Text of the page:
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Cunningham Bill To Expand Public, Law Enforcement Outreach On Human Trafficking Advances

Senate sponsor, Senator Sandra Bolden Cunningham speaks at the bill signing on the measure to prohibits the sale and purchase of more than one handgun per person within a 30-day period.

TRENTON – A bill sponsored by Senator Sandra Bolden Cunningham which would direct the Attorney General to publicize information about human trafficking hotlines and would mandate law enforcement training on responding to the needs of victims of human trafficking was unanimously approved by the Senate Judiciary Committee today.

“For the victims of human trafficking, life can be a nightmare of abuse, forced servitude and ever-constant fear and intimidation,” said Senator Cunningham, D-Hudson. “Many of these folks have come to the United States looking for opportunity, or have fled broken homes looking for a new beginning, and instead have found victimization and slavery. We need to give them the tools to break the cycle of servitude, and give the law enforcement community the training to meet the unique needs of these people.”

The bill, S-535, would build on existing efforts by the Statewide Human Trafficking Task Force, under the Attorney General, by publicizing help lines for the victims of human trafficking and promoting human-trafficking-specific training for law enforcement agencies in New Jersey. Under the bill, the Attorney General would be required to publicize and promote the Toll Free Hotline to report trafficking set up by the Statewide Human Trafficking Task Force – 877-986-7534 – as well any existing federal trafficking hotline and any local or county federally-funded New Jersey hotline. The bill would also amend police curriculum training requirements to include specific training on responding to the needs of victims of human trafficking.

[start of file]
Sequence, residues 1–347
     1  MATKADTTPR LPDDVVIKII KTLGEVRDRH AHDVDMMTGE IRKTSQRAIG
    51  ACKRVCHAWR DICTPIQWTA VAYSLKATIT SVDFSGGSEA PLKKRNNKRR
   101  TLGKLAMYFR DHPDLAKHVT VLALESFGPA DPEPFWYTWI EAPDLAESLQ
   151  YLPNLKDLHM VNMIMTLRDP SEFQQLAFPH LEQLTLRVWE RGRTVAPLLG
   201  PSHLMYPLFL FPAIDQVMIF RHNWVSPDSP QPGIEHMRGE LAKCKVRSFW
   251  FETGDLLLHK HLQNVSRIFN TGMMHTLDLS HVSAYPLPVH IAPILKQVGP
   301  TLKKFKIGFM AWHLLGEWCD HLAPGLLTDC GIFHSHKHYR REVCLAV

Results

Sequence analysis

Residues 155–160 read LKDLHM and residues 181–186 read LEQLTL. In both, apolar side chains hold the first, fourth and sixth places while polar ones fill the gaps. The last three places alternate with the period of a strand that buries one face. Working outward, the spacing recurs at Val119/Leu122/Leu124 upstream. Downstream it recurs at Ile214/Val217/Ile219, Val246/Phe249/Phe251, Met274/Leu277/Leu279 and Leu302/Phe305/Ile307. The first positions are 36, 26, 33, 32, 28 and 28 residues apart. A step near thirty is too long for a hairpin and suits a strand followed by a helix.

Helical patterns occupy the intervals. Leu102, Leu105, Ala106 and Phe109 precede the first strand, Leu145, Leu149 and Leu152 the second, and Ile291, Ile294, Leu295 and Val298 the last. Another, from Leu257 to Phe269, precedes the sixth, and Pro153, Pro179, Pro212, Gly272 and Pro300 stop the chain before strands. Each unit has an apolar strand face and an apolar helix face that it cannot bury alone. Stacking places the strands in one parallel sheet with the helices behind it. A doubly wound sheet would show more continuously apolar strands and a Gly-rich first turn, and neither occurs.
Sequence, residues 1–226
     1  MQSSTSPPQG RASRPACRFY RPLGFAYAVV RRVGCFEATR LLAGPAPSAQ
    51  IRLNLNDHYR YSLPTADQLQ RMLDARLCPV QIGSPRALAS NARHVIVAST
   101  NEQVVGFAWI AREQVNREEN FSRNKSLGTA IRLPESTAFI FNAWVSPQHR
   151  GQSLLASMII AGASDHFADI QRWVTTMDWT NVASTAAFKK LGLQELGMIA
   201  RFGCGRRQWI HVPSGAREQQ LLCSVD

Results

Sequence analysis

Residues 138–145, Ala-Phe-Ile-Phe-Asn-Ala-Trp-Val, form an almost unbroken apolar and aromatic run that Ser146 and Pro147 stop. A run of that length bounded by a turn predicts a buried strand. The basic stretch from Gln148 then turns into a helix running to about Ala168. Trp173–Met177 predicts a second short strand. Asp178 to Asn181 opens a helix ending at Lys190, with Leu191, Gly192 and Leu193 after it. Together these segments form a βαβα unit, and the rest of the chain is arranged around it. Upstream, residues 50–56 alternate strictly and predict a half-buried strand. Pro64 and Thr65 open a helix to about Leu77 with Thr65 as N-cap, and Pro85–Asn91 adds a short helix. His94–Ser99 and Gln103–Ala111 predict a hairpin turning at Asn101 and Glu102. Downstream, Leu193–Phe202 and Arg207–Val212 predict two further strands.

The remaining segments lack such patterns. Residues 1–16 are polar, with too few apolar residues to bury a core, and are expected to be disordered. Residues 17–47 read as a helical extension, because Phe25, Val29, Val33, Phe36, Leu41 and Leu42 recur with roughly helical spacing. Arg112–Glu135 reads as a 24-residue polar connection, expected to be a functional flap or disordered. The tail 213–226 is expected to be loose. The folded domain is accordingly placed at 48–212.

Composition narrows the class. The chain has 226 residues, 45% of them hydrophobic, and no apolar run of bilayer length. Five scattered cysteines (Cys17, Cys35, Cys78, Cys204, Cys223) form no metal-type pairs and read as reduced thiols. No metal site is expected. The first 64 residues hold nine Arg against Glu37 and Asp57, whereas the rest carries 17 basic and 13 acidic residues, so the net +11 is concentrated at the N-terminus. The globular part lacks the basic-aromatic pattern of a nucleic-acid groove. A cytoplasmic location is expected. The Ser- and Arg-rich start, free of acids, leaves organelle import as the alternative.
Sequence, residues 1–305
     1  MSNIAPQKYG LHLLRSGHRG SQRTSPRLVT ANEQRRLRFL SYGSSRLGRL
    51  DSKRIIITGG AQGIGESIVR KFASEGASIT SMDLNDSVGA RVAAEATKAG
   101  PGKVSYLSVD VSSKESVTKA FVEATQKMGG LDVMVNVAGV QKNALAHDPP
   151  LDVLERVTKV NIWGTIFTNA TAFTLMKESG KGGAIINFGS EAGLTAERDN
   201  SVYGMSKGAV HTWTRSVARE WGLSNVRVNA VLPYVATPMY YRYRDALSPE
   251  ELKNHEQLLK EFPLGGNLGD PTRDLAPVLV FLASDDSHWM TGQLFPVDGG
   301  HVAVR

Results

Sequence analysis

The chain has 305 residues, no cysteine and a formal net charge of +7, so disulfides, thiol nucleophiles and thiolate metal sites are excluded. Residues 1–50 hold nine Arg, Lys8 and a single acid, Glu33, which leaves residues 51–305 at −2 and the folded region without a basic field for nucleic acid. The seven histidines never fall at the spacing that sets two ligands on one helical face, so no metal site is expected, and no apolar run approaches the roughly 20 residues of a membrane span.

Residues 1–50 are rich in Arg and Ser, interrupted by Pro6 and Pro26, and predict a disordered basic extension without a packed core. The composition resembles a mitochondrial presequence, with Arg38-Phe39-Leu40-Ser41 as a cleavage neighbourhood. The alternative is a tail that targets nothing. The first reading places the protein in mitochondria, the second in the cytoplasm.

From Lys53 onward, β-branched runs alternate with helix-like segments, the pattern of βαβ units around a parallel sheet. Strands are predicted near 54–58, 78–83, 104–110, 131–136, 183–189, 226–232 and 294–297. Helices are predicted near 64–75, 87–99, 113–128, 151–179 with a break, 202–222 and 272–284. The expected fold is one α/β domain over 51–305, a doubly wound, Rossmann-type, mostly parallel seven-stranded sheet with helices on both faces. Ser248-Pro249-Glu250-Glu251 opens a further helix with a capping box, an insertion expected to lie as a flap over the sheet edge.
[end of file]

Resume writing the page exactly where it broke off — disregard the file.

According to the National Human Trafficking Resource Center (NHTRC), anywhere between 14,500 and 17,500 people are trafficked into the United State each year and forced into servitude. Many of these individuals are required to work menial labor for sub-standard pay, or in some cases, are sold into the international sex trade. In addition, more than 240,000 American children and youth are estimated to be at risk of child sexual exploitation, including commercial sexual exploitation and prostitution.

“This isn’t just an issue affecting foreign-born individuals brought into this country and forced against their will to work in various sex trades or as slave labor,” said Senator Cunningham. “This affects runaways and at-risk kids who think that they have nowhere else to turn and fall in with the wrong crowd, and it affects individuals who’ve become dependent on illegal drugs and are forced into prostitution to get their next fix, among many others. We cannot simply turn our backs on these victims, and have to take a stand against the evil of modern slavery, in whatever form it may take.”

The bill now heads to the Senate Budget and Appropriations Committee before going to the full Senate for consideration.